# Finding the Point with Maximum Distance from the Boundary of a Closed Polygon in 2D Euclidean Space

Given a closed polygon defined in the 2D Euclidean plane. My objective is to determine the point within this polygon that is furthest away from its boundary. In other words, I want to find the point where the distance to the polygon's boundary is maximized.

More formally, given a polygon $$P \in \mathbb{R}^2$$, for any point $$x\in P$$ we define $$D_P(x) = \min_{y\in \partial P}dist(x,y)$$. We wish to find a point $$x\in P$$ which maximizes $$D_P(x)$$.

Here are my specific questions:

1. Is there an analytical or closed-form equation for finding the point with the maximum distance from the boundary of a closed polygon in 2D Euclidean space, expressed as a function of the polygon's vertices?

2. How can I algorithmically find such point?

3. More generally, can the above be solved for a connected convex set in a d--dimensional Euclidean space instead of a polygon, how would the approach change? Are there general methods for solving this problem in higher dimensions?

I'd appreciate any insights, algorithms, or references that can help me achieve this goal.

The medial axis is the set of points in the interior of the shape that has two closest points on the boundary.

Intuitively, the largest "incircle" in a polygon must touch the boundary at at least three points. It follows that you can just consider the set of points that are the "junctions" on the medial axis: points where three line segments of the medial axis meet.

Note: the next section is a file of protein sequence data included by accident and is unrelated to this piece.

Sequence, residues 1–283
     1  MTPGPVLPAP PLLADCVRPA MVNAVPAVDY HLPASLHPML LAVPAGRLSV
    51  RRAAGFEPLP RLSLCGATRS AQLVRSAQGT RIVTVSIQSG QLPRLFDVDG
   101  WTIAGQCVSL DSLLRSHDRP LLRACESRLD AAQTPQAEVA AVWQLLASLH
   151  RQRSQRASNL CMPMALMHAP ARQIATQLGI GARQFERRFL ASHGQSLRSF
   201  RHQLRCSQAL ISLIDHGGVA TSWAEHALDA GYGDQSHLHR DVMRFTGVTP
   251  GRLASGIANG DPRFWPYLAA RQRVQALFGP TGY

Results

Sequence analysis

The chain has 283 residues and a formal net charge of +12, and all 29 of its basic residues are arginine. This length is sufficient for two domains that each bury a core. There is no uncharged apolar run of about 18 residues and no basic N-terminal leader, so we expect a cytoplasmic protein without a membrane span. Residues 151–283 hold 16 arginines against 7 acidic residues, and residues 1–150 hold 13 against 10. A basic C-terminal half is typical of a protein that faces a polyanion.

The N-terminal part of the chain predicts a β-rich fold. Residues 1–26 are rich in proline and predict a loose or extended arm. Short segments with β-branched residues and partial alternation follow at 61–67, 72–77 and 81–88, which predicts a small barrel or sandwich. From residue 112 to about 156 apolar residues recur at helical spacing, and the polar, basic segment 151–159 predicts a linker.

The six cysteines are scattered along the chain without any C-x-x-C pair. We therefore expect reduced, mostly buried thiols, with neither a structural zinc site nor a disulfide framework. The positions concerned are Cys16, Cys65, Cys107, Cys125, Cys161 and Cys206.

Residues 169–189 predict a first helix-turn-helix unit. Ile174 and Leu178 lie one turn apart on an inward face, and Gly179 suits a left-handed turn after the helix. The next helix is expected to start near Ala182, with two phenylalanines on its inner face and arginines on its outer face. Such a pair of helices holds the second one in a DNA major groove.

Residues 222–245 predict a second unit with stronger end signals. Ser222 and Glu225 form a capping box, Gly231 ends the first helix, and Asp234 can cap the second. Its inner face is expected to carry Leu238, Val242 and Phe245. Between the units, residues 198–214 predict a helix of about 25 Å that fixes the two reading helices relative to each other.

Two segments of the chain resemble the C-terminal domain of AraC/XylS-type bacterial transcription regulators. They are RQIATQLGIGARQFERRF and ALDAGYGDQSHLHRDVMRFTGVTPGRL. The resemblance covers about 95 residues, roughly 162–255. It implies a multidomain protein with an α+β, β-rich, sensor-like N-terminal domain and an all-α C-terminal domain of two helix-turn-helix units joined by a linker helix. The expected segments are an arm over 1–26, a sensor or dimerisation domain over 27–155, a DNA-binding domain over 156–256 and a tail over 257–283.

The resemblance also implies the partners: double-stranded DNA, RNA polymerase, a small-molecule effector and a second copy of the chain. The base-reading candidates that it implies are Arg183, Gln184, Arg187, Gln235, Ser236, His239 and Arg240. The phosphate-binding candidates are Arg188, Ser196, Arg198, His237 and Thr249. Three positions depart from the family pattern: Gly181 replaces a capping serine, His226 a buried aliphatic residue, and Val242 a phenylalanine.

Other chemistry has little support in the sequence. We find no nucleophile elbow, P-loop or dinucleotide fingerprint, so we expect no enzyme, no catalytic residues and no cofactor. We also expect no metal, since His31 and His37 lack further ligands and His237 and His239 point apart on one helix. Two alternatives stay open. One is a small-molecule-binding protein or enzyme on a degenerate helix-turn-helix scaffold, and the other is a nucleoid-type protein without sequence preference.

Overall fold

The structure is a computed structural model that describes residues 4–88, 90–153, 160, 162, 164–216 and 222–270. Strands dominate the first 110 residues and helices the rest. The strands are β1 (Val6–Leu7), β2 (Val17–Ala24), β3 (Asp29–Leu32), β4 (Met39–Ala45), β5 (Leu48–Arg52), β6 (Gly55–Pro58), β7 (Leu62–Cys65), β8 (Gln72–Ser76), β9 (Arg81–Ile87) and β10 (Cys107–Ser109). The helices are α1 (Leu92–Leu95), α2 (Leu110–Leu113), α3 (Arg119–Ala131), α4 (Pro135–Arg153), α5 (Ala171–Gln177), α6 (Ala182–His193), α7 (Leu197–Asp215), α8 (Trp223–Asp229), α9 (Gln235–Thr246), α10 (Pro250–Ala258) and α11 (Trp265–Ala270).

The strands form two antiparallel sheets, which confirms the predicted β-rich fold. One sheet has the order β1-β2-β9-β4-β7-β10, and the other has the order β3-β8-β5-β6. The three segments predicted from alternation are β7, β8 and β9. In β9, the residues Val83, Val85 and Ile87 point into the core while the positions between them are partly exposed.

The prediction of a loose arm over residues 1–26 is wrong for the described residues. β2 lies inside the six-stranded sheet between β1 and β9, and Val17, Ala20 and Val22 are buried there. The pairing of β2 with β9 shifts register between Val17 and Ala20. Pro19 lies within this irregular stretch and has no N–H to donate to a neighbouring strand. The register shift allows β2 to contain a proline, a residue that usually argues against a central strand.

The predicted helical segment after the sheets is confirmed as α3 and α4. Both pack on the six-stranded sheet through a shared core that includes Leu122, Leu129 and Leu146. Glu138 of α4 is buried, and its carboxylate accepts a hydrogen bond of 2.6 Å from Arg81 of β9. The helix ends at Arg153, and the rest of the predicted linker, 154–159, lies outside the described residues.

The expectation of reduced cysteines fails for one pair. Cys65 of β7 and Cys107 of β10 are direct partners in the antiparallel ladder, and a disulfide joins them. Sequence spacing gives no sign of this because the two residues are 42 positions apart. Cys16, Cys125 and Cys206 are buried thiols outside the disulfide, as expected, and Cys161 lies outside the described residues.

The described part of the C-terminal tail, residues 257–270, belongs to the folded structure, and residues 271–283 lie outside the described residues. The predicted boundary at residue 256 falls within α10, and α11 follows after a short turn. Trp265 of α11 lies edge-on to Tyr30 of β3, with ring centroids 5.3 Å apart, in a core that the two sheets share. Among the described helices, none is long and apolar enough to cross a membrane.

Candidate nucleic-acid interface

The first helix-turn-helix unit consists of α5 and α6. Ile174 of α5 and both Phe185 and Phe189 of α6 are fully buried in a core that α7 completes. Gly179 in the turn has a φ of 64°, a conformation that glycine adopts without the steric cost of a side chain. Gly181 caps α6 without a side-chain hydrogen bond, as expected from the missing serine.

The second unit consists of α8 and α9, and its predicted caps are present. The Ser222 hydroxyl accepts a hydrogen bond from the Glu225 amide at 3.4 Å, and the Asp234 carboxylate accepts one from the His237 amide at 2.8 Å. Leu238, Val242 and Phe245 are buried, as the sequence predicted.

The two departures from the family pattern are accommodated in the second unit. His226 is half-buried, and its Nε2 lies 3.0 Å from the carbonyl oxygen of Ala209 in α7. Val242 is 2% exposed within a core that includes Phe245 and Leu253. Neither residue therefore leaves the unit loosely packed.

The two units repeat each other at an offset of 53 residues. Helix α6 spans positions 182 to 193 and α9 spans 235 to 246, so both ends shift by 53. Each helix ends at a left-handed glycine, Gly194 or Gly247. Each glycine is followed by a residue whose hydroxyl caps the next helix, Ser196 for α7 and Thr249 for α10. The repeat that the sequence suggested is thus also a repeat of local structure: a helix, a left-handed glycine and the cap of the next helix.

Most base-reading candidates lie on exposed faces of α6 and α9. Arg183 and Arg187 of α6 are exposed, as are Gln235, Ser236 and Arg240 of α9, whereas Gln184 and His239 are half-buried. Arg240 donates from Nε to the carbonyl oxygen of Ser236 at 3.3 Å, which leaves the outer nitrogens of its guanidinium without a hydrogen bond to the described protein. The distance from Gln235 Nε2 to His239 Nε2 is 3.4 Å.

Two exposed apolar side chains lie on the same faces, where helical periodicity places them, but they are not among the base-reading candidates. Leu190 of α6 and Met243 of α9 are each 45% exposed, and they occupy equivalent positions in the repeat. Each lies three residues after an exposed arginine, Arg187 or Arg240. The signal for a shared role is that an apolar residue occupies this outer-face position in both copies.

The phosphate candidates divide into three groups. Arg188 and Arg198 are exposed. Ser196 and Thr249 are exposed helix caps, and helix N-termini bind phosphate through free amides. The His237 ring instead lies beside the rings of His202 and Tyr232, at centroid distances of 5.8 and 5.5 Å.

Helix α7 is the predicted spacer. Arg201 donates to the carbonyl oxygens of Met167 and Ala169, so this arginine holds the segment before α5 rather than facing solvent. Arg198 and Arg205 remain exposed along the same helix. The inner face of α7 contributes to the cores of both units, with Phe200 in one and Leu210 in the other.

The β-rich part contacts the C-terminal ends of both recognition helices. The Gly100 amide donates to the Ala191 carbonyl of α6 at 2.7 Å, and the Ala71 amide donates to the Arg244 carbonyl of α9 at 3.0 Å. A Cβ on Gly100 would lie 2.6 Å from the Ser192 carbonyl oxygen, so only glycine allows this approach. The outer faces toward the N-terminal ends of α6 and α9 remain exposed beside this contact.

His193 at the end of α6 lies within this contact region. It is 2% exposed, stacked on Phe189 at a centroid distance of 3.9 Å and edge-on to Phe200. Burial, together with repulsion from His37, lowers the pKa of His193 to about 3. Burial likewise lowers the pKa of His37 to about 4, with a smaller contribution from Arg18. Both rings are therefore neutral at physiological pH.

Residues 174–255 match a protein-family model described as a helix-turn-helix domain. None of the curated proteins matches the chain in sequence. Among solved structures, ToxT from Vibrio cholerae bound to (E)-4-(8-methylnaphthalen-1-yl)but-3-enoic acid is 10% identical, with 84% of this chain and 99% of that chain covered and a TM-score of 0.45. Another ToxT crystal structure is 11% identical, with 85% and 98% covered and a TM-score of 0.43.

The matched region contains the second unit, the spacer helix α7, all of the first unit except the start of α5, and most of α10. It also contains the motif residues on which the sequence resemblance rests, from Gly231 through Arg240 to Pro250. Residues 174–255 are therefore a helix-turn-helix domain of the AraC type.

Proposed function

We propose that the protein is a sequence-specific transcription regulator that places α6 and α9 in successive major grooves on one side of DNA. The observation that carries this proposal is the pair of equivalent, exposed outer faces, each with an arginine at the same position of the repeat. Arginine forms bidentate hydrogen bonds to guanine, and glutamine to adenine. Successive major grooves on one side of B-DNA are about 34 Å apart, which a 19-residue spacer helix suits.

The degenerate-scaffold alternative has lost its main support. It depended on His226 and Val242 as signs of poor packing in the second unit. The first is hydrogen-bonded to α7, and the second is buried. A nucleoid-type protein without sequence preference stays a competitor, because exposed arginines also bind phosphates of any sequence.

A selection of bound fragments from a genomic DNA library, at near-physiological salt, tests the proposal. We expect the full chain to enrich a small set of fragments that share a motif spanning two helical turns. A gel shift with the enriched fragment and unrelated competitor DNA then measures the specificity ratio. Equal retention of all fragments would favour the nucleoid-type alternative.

To compute the medial axis for a simple polygon, linear algorithms are known, although it may be worth using a simpler $$O(n \log n)$$ algorithm. See:

The cells formed by the boundary and the medial axis is known as a generalised Voronoi diagram; it's generalised because some of the "points" are the boundary lines. There are plenty of software packages out there that compute generalised Voronoi diagrams.

• Thanks for the answer! About the statement "the largest "incircle" in a polygon must touch the boundary at at least three points". Take a rectangle with width 10 and height 4. There are pints within distance 2 from the upper and lower sides which are not within distance 2 from any other side. What am I missing here?
– Meni
Oct 23, 2023 at 14:05
• @Meni But there exists a point which is at distance $2$ from $3$ of the sides. If you want just one point maximizing the distance to the border, then this answer stands (as long as you consider also the endpoints of the medial axis, in addition to the junctions). Oct 23, 2023 at 14:25
• @Tassle Oh ok, got it. Makes sense. Thank you for the clarification.
– Meni
Oct 23, 2023 at 15:02
• The word "intuitively" is clearly doing a lot of heavy lifting in my answer. Oct 23, 2023 at 22:44